For the champion, there is fame. There is a jacket of green and a paycheck of even finer green. There is a place in history inscribed with his name.
For the vanquished, there is only regret. Today, tomorrow and forever. Friends might help ease it, success might eventually dim it, but nothing will ever completely erase it.
Just ask Jean Van de Velde. Or Scott Hoch. Or Len Mattiace.
Over the years, we have seen enough hearts break and enough tears fall to have a small understanding of what it must be like to see the dream of a lifetime slip from your grasp.
And perhaps that helps explain what happened at the end of the 75th Masters on Sunday evening. Charl Schwartzel had already won the tournament, hugged his wife and was halfway to golf heaven when Rory McIlroy came up the 18th fairway.
The applause began, polite and steady. And as McIlroy came nearer to the green, it grew in volume, intensity and, yes, in pity. It reached a point where the 21-year-old from outside Belfast, Northern Ireland, had no choice but to remove his cap and sheepishly wave.
"I don't know if people were just feeling sorry for me or whatever it was, but I'm incredibly grateful for it," McIlroy said later. "It was a really tough day for me, and for the crowds to still be behind me like that makes it a lot easier to take."
McIlroy did not win the Masters on Sunday. In the end, he was not even close.
In what will be remembered as one of the most rapid and thorough collapses in history, McIlroy went from leading almost every one of the first 63 holes, and 31/2 days of the tournament, to free falling into infamy in about 35 minutes.
It began with a missed fairway on No. 10 that somehow ended up between two of the famed white and black-trimmed cabins. Two shots later, McIlroy was off the fairway again and banging a ball off a tree.
By the time he finished the hole with triple bogey, McIlroy had gone from first place to seventh. And the bleeding did not stop there. His putter chose that moment to abandon him, and McIlroy followed with bogey and double bogey.
When his tee shot went left on No. 13, McIlroy buried his head in the crook of his arm with the club supporting his weight.
"I sort of realized then, unless I birdied my way in, I didn't have a chance," McIlroy said. "I was trying my hardest. If I had a birdie at 13 and a birdie at 15 … but once I hit my tee shot left on 13, I realized that was it."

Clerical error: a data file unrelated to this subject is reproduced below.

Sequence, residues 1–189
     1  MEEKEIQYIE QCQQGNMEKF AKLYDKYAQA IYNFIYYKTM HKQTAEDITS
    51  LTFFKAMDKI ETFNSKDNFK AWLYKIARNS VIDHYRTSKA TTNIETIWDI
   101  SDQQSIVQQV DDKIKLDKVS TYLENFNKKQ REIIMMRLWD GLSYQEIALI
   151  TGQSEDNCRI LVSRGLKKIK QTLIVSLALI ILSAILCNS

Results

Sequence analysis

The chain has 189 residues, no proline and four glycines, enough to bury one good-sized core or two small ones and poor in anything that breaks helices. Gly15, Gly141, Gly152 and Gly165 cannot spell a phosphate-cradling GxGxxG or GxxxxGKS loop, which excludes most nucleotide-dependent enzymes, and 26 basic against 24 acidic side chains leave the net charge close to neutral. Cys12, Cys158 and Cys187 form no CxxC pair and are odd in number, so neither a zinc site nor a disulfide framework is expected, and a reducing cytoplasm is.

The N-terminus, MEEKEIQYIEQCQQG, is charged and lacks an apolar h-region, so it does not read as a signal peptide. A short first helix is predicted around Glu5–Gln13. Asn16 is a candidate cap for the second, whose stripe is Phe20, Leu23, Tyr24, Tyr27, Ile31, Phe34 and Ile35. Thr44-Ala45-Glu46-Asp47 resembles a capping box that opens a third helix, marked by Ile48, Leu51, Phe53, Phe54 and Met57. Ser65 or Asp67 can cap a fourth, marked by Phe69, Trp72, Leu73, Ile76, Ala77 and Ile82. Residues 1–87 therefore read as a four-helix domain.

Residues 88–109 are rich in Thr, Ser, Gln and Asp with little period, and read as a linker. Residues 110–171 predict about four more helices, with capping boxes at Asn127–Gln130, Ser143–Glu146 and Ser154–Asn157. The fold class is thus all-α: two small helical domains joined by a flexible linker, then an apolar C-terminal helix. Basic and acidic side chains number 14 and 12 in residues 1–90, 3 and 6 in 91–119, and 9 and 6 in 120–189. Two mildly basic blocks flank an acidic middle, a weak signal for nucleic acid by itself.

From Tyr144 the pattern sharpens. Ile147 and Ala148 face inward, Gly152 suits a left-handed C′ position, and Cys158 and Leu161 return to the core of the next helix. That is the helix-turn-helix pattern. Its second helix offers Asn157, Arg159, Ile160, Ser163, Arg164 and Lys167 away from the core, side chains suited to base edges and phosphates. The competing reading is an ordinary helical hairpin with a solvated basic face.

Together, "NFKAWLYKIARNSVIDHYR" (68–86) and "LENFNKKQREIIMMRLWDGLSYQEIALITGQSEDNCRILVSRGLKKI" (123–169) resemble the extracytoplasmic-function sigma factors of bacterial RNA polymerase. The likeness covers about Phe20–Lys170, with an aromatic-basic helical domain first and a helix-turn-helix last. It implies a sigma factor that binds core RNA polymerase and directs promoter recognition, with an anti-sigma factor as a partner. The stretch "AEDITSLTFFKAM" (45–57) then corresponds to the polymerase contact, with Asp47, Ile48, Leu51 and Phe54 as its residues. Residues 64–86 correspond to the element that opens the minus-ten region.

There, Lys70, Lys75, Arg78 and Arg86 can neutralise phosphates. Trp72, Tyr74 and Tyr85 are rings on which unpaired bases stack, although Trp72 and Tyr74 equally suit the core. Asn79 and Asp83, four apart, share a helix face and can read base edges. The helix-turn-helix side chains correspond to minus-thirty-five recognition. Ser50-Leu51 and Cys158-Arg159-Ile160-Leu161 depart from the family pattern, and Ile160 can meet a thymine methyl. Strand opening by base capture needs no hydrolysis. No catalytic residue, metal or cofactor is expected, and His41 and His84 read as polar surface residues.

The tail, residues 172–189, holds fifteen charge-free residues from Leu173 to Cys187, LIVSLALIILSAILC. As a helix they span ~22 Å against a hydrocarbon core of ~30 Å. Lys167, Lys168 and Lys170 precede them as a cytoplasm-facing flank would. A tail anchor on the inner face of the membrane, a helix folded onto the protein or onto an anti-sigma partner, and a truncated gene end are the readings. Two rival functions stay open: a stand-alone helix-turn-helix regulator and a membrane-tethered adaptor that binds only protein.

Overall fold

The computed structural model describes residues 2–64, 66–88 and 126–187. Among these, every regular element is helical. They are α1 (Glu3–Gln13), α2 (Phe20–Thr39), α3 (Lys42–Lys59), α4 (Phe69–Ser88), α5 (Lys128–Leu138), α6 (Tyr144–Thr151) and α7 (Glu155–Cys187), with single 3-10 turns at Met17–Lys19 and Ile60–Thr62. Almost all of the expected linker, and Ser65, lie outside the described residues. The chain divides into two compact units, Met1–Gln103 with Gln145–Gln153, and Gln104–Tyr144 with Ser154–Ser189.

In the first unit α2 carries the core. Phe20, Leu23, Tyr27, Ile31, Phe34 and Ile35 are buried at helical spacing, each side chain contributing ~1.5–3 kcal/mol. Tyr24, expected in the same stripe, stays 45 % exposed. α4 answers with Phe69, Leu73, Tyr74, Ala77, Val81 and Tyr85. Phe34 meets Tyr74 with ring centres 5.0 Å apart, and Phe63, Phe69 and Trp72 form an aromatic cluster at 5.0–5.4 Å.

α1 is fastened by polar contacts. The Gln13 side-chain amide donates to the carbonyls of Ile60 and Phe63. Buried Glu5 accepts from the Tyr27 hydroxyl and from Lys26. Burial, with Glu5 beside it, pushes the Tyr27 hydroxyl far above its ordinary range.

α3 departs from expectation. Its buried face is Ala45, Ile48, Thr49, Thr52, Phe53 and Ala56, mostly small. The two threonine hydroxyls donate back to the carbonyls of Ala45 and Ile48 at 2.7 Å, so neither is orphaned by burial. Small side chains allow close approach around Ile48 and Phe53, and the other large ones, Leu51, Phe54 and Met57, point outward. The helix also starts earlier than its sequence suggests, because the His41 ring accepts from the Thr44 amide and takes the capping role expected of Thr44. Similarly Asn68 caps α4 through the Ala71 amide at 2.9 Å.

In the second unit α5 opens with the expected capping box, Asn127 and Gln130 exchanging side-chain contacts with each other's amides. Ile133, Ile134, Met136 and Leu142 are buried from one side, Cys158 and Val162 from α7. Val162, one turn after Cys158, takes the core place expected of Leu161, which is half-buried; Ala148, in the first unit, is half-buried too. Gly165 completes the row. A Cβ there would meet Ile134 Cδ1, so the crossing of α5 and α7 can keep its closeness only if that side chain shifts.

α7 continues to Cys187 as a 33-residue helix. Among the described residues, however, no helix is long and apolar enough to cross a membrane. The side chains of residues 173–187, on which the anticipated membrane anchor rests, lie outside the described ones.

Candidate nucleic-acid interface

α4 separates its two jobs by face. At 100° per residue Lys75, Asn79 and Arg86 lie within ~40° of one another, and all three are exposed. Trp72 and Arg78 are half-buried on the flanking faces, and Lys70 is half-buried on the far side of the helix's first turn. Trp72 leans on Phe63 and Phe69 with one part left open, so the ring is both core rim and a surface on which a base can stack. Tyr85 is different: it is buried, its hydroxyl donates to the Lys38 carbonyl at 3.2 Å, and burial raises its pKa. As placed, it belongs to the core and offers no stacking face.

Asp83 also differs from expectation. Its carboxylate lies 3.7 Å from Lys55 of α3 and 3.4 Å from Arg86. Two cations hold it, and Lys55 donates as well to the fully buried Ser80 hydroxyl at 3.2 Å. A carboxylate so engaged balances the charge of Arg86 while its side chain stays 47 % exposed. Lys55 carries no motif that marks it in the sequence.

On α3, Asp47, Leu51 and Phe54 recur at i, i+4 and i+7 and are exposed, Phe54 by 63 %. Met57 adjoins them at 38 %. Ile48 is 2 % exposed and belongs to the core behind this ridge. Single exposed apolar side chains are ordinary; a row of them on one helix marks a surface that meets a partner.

McIlroy went from starting the day at 12 under with a four-stroke lead to shooting 8-over 80 and finishing 10 strokes behind in a tie for 15th.
"My heart goes out to him," said Luke Donald, who tied for second.
The final misfortune is that most of those watching this spectacular implosion never got to see the grace and dignity with which McIlroy handled himself.
His eyes looked red, but he never came close to tears. He stopped to answer questions three times on his way to the clubhouse, never making excuses or asking for sympathy.
He greeted his boyhood friends with a slight grin and then paused for a soft kiss on the cheek from his girlfriend. Upon entering the locker room and changing from his golf shoes to a pair of sneakers, he tried to explain the inexplicable once again.
"I just need more experience to try and hang in there and grind it out," he said. "It's never nice to be leading in a tournament and do what I did (Sunday), but it happens."
The difference between McIlroy and, say, Mattiace is that his performance in the first three days of the Masters was no fluke.
He is, without a doubt, one of the most talented golfers in the world. His future is bright enough that it might one day push this day's memories into the shadows.
Angel Cabrera, who played in the final twosome with him, said as much when he held McIlroy's face in his hands afterward.
"It's a pity what happened to him," Cabrera said. "I told him when we were finished that he is very young, and he can win this tournament many times.'
Still, there will never be an escape from the thought that something greater than a golf tournament was lost for McIlroy on Sunday.
This would have been a moment like none other. The chance for a college-aged lad from Northern Ireland to introduce himself to the world. A chance to match some of the accomplishments of Tiger Woods, the golfer he has vowed to measure himself against.
"I sometimes forget that I'm 21 years old, and I think the public sometimes forgets as well," McIlroy said. "It is very disappointing. It's the worst afternoon I've had on a golf course. But I'll get over it. I'll be fine."